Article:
Gig companies Uber and Lyft seem to have caved to public pressure to pay SARS-CoV-2 workers who don’t have the option of paid sick leave— thanks largely to their unfair definition of drivers as independent contractors.
Uber released a memo Friday saying that it will give sick pay to staff infected with the novel coronavirus or quarantined by a government health agency. The organization said its distribution staff “would receive compensation for up to 14 days in these cases. This has already begun in some countries and we are focusing on developing strategies to do this globally. “Lyft, meanwhile, told Gizmodo in a tweet on Monday that it” will provide funding to drivers if they are afflicted with COVID-19, or if a public health department places them under individual quarantine. “Whether or not gig employment is a primary or secondary source of income, it can be vital. As recently as last week, most contract workers were advised to either stay home if they felt sick or wash their hands and actually mean it — none of which sufficiently reflects the fact that a lot of people can’t afford to, you know, not work. And because some employees may not be able to take time off to self-quarantine, they may be forced to work, which may place others at risk for the virus to get or spread.
Basically, even contract bosses would be to blame if things got out of hand and they didn’t figure out a plan. Lawmakers, too, took note of the economic crisis posed to contract staff by coronavirus. Last week, Senator Mark Warner (D-VA) encouraged gig economy titans Uber, Postmates, Lyft, Instacart, Grubhub, and DoorDash to try to address the employees ‘ potential financial burden if they’re sick or have to quarantine themselves during that period. In order to limit the spread of COVID-19, it is crucial that platform firms lead by example by promising that economic uncertainty will not dissuade their employees as a result of public health advice during the reaction. “Citing sources familiar with the issue, the Wall Street Journal reported on Sunday that the big five gigs were engaged in talks to set up a fund that might match An Instacart representative stated to Gizmodo that the organization was engaged in active negotiations with other contract employers but declined to comment on the record.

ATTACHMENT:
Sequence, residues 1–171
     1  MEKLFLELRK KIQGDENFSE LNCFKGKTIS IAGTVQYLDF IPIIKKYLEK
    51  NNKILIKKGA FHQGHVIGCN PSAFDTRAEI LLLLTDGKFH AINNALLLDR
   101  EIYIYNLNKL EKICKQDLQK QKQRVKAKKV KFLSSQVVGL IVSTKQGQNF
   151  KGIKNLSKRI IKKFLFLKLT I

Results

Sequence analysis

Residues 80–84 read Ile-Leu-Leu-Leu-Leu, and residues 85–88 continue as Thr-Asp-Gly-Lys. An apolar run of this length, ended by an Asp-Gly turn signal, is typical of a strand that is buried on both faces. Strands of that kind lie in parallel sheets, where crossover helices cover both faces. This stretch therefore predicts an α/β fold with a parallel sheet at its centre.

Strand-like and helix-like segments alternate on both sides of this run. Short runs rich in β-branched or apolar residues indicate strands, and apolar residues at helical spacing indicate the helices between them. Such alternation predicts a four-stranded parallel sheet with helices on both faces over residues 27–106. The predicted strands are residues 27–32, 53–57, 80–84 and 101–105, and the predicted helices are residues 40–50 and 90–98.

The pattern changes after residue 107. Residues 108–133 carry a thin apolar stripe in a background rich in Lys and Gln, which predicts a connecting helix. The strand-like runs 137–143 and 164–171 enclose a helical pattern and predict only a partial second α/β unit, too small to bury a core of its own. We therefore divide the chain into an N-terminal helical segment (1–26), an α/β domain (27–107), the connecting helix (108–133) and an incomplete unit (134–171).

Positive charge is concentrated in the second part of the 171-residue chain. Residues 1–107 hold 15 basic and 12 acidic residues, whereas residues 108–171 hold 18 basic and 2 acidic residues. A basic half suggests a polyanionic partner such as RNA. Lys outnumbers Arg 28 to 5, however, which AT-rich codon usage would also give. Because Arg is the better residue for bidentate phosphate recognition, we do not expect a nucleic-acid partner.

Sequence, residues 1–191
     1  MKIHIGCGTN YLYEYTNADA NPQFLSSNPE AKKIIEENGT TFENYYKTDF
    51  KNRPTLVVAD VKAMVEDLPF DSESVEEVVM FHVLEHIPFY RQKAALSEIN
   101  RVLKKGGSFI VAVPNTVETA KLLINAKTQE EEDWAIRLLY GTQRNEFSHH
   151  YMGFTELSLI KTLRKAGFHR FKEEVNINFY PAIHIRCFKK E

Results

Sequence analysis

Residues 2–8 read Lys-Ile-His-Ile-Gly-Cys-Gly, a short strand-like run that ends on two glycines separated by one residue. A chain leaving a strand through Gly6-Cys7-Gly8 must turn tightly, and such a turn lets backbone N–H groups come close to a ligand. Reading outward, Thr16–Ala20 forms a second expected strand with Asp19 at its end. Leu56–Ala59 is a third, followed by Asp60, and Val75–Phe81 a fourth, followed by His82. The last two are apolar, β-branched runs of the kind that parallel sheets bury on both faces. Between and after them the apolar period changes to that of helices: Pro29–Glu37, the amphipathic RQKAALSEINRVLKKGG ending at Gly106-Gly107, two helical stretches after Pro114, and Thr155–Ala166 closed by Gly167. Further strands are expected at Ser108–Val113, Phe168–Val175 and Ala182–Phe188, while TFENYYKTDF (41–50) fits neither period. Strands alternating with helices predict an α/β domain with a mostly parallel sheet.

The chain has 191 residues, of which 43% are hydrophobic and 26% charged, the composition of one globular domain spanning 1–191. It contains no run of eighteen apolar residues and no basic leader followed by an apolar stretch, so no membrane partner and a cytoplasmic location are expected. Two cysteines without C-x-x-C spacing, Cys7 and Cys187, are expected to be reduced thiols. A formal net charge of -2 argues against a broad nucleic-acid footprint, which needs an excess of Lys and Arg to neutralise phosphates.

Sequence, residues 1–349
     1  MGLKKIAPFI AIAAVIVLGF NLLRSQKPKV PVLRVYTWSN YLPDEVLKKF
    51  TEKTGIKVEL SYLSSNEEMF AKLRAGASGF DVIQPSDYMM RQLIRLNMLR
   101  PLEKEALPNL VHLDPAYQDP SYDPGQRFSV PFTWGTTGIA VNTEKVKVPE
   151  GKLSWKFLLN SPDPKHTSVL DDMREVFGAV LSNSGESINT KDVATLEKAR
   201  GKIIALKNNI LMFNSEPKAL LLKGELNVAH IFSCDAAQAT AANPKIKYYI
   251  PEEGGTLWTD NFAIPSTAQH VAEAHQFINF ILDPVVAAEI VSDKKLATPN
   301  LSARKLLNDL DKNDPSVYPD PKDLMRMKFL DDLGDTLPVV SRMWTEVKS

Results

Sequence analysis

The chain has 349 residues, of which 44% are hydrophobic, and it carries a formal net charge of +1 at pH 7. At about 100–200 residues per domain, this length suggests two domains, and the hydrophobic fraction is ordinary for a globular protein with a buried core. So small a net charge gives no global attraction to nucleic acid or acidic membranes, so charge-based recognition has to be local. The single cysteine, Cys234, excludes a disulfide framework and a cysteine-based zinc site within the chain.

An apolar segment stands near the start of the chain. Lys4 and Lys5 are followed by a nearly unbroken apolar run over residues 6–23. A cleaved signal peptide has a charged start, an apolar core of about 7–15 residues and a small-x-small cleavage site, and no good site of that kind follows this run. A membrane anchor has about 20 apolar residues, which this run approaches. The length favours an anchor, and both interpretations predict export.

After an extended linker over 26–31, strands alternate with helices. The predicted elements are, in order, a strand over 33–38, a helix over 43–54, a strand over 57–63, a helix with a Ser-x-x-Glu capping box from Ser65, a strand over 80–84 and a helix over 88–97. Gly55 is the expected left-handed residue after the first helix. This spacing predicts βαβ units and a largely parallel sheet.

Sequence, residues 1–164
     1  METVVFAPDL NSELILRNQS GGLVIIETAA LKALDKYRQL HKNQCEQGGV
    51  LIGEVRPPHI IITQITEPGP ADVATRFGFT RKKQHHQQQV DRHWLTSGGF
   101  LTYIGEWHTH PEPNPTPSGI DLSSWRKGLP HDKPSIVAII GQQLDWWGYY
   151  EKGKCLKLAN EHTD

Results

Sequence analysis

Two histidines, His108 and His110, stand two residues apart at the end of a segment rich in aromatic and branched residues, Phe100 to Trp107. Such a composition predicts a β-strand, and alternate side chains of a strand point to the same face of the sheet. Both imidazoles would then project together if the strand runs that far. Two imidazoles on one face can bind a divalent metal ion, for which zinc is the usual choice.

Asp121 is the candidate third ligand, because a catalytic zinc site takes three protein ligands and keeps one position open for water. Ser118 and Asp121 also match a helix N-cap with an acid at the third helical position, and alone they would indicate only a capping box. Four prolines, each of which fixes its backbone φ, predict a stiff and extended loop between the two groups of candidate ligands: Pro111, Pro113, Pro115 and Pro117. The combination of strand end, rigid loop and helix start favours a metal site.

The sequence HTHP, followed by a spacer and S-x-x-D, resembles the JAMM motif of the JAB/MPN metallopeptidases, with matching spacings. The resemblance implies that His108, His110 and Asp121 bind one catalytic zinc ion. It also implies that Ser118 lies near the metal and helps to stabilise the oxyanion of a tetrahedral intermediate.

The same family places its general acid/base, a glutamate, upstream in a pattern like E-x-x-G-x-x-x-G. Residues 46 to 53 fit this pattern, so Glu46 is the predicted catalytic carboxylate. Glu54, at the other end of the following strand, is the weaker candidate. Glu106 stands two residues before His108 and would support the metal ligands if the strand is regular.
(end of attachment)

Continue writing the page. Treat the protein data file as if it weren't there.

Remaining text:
A DoorDash spokeswoman told Gizmodo in a statement that her “task force” was working on “a comprehensive strategy” to tackle the coronavirus epidemic, “including exploring options with our peer organizations to reward Dashers affected by the novel coronavirus.” The spokeswoman said it supported the use of a feature that allows consumers to inquire for their food to be left at their doorstep,
A spokeswoman for Amazon Flex has assured Gizmodo that it is “actively helping individual, case-by-case workers and contractors. We will continue to evaluate next steps should we see a much broader impact. “The New York Times confirmed Tuesday that a Uber driver from Queens tested positive for coronavirus after experiencing flu-like symptoms at St. John’s Episcopal Hospital. More than 40 doctors and hospital staff are now self-quarantined, according to the report, with the government screening those who may have been exposed to the disease. In a statement to Gizmodo, a Uber spokesman said the company has “a dedicated team working closely with public health officials and standing by to assist in any way.” Citing a source familiar with the negotiations, the Journal reported that Postmates are looking to pay for health check-ups for their employees. Reached for comment, Postmates only said that it was planning to announce specific actions for Postmates to fix the virus. It also encourages designated drop-offs, like DoorDash, that minimize the interactions between couriers and customers (but not necessarily restaurant and delivery workers).
Covering staff who plan to be affected for monitoring and check-ups could be a tremendous benefit of detecting the infection earlier— rather than when a patient is already showing symptoms that the Centers for Disease Control and Prevention says that occur up to 14 days after exposure. Yet, again, the scheme will rely on some good faith sick pay for suspected or quarantined employees.
Yet gig-workers have not traditionally proven themselves to be working in good faith— quite the contrary, which is why we’re starting out in this mess. Many businesses do appear to know the possible risk they could have on their hands if they don’t fix the problem quickly. Let’s just hope it is sooner rather than later, for everyone’s sake.